A great way to strengthen the hips is also with a resistance band – but you’ll need to anchor the band at one end to someone or something and you’ll need an ankle strap.

A door anchor works great, just drive your knee up explosively like you’re an MMA or Thai boxing guy.

If you don’t have a resistance band, you can also use a ankle weight. I’ve also used a 6kg plastic kettlebell in the past – just stick your toes into the handle (at your own risk).

Tibilais Anterior Strengthening

The muscles in the front of your shin are important for deceleration changing direction and lifting your toes (dorsi flexion).

You can strengthen this muscle directly with a monkey foot which allows you to attach weights to your foot, using manual resistance (provide resistance using your hand), or, at your own risk, do what I do and stick your toes in the handle of a light plastic kettlebell.

point toes up and down

Monkey Feet (the weightlifting kit, not the actual monkey’s feet) are expensive, instead you can use a TPE or latex mini resistance band to secure a dumbbell to your foot:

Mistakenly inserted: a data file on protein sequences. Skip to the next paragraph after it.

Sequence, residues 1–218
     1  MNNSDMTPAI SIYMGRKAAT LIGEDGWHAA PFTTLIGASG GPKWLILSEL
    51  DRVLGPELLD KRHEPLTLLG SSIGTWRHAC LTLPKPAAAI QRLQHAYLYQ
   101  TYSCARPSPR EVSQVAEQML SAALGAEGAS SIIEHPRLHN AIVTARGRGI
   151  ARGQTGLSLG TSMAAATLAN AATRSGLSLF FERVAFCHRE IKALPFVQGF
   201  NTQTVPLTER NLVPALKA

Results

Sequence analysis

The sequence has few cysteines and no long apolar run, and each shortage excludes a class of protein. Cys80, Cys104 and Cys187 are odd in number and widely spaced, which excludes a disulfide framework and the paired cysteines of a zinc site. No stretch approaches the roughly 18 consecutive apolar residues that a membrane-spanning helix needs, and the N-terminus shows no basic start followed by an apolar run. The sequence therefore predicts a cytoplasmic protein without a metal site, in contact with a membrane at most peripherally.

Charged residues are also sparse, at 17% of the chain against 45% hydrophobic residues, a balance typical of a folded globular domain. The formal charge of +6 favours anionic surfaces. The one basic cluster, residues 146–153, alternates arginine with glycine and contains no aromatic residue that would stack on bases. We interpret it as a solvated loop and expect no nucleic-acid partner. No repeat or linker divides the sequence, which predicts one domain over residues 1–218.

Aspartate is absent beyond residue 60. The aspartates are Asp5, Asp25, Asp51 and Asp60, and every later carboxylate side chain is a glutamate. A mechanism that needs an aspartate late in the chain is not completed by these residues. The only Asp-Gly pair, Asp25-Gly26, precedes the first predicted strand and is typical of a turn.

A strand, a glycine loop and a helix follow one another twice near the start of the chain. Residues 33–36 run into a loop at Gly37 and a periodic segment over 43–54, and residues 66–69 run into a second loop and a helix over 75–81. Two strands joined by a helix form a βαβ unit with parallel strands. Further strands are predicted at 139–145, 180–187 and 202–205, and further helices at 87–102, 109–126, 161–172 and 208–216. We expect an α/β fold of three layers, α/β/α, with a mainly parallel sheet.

Hamstring Strengthening and Stretching

For speed and to mitigate the risk of injury, you will need to look at strengthening and lengthening your hamstrings.

Get warm, as warm as possible (I stretch my hamstrings in the bath) and hold your stretches for 30 seconds.

Add some dynamic and ballistic stretches too, again make sure you are warm – leg swings are simple and effective.

To strengthen your hamstrings, stability ball roll outs are great:

Nordic Hamstring Curls are also very effective, but pretty difficult and advanced. You can try them with a partner helping at first. I stick my feet under the sofa to do them.

Calf Strengthening and Stretching

Calf muscles are crucial when sprinting – they’re also susceptible to injury.

Foam roll and stretch them daily.

A simple way to improve calf strength is to hold onto something and perform single leg calf raises.